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To access Fort Sumter, you must board a Ferry at Liberty Square in downtown Charleston. The dock is located on Concord Street, next to the South Carolina Aquarium. The Visitor Education Center is free, and is a state of the art facility of the National Park Service that features educational exhibits that explain the importance and historical significance of Fort Sumter during the American Civil War.

There is also a second launching point located at Patriots Point Naval and Maritime Museum in Mount Pleasant- which is the home to the aircraft carrier USS Yorktown and also features exhibits dedicated to the Congressional Medal of Honor Society which tell the stories of brave American servicemen who have received this distinguished commendation.

Prices to ride the ferry and access the island are reasonable. $17,00 for adults and $10.00 for children.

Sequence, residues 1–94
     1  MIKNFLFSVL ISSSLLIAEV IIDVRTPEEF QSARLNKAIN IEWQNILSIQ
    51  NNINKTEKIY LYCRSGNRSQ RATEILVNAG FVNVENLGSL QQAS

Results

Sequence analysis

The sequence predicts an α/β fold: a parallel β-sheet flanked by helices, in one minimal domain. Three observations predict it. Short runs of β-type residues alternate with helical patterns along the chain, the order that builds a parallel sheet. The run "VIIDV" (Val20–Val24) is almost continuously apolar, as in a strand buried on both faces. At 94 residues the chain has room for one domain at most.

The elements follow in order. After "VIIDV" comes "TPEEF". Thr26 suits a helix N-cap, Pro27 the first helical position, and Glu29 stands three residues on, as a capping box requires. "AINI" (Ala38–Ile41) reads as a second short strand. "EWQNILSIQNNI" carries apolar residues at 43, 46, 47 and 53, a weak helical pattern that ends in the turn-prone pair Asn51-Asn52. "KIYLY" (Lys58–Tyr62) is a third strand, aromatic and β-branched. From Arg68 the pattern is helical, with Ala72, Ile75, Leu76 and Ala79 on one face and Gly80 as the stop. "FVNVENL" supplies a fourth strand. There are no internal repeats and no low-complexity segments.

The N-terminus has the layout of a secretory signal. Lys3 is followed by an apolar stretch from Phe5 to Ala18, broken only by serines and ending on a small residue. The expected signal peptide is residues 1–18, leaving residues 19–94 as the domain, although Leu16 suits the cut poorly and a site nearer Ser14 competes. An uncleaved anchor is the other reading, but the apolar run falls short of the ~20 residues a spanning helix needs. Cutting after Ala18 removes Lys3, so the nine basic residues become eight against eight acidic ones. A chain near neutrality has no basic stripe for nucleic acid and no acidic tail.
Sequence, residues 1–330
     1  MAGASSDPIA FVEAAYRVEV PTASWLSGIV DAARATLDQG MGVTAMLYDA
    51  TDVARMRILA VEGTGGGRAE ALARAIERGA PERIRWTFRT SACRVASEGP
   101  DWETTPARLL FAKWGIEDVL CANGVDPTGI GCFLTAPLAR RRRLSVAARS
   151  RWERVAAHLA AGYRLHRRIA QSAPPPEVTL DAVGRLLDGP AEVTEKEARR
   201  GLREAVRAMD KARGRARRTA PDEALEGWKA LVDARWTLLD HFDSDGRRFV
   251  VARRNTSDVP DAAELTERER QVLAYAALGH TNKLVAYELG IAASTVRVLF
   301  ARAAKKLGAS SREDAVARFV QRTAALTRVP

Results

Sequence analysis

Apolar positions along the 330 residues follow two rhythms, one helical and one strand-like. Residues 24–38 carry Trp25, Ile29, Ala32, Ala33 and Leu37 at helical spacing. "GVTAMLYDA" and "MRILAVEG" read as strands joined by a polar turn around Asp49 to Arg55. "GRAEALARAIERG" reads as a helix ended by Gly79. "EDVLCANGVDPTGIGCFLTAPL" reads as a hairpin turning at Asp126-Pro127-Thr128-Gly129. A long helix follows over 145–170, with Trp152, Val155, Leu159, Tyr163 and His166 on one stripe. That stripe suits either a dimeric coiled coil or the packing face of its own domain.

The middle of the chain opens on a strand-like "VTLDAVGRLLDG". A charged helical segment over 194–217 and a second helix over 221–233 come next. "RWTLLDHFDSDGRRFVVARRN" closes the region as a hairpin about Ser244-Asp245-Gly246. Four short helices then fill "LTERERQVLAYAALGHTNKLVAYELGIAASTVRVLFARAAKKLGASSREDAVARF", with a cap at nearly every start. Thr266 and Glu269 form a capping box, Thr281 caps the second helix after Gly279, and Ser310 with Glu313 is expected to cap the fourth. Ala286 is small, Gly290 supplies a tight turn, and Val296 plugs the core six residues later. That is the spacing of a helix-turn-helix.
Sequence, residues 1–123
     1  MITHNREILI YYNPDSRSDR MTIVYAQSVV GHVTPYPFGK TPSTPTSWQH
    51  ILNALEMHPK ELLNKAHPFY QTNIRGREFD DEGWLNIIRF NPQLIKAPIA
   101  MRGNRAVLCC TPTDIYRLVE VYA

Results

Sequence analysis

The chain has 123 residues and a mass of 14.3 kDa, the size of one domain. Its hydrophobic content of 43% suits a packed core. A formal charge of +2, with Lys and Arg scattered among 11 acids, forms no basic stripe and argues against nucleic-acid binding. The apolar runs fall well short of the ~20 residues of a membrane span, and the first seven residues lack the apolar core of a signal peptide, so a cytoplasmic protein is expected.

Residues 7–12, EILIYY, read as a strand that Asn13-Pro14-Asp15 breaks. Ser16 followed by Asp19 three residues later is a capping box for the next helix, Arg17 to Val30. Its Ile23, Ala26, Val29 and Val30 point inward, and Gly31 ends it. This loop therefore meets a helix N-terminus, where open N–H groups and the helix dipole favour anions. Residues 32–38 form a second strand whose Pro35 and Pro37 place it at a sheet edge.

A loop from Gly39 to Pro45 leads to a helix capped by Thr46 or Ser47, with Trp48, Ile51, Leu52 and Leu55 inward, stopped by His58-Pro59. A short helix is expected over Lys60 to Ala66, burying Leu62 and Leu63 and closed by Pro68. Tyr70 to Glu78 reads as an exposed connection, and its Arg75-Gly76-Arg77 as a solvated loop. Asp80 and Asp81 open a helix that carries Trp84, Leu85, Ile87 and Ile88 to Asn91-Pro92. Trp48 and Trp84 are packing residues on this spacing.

I found the excursion to be educational and very interesting, but I think my youngest enjoyed the ferry ride much more than the fort itself.

Rich M-

A brief history of Fort Sumter:
South Carolina had seceded from the Union, yet Union soldiers still occupied Fort Sumter at the entrance to Charleston Harbor. The South demanded that the Northern troops vacate the fort. The North refused. On April 12, 1861- Confederate forces fired on the fort. This bombardment continued for two days, until the Union troops stationed at the Fort finally surrendered.

Confederate troops held the fort until February 17, 1865- surviving one of the longest sieges in history. The importance of the fort protecting Charleston Harbor was vital to both sides, and thus Fort Sumter became one of the most highly contested locations of the Civil War. For almost two years, Northern troops fired more than 46,000 artillery shells at the complex. The weight of these shells is estimated at more than seven million pounds of metal alone!